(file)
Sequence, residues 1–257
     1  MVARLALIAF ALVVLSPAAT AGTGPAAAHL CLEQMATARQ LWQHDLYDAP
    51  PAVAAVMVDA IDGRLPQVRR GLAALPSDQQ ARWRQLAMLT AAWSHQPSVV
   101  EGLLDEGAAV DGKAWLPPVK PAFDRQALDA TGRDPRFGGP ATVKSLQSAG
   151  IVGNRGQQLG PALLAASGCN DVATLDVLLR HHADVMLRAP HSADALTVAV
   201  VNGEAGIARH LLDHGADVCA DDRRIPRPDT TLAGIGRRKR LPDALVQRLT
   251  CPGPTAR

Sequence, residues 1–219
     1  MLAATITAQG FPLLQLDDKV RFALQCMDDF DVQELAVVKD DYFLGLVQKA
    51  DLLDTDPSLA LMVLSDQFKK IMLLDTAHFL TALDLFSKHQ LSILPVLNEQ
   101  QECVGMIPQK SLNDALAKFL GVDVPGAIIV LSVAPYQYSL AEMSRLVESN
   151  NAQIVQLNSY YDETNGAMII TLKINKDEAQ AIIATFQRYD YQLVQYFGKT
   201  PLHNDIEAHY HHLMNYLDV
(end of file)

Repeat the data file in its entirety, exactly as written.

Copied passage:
Sequence, residues 1–257
     1  MVARLALIAF ALVVLSPAAT AGTGPAAAHL CLEQMATARQ LWQHDLYDAP
    51  PAVAAVMVDA IDGRLPQVRR GLAALPSDQQ ARWRQLAMLT AAWSHQPSVV
   101  EGLLDEGAAV DGKAWLPPVK PAFDRQALDA TGRDPRFGGP ATVKSLQSAG
   151  IVGNRGQQLG PALLAASGCN DVATLDVLLR HHADVMLRAP HSADALTVAV
   201  VNGEAGIARH LLDHGADVCA DDRRIPRPDT TLAGIGRRKR LPDALVQRLT
   251  CPGPTAR

Sequence, residues 1–219
     1  MLAATITAQG FPLLQLDDKV RFALQCMDDF DVQELAVVKD DYFLGLVQKA
    51  DLLDTDPSLA LMVLSDQFKK IMLLDTAHFL TALDLFSKHQ LSILPVLNEQ
   101  QECVGMIPQK SLNDALAKFL GVDVPGAIIV LSVAPYQYSL AEMSRLVESN
   151  NAQIVQLNSY YDETNGAMII TLKINKDEAQ AIIATFQRYD YQLVQYFGKT
   201  PLHNDIEAHY HHLMNYLDV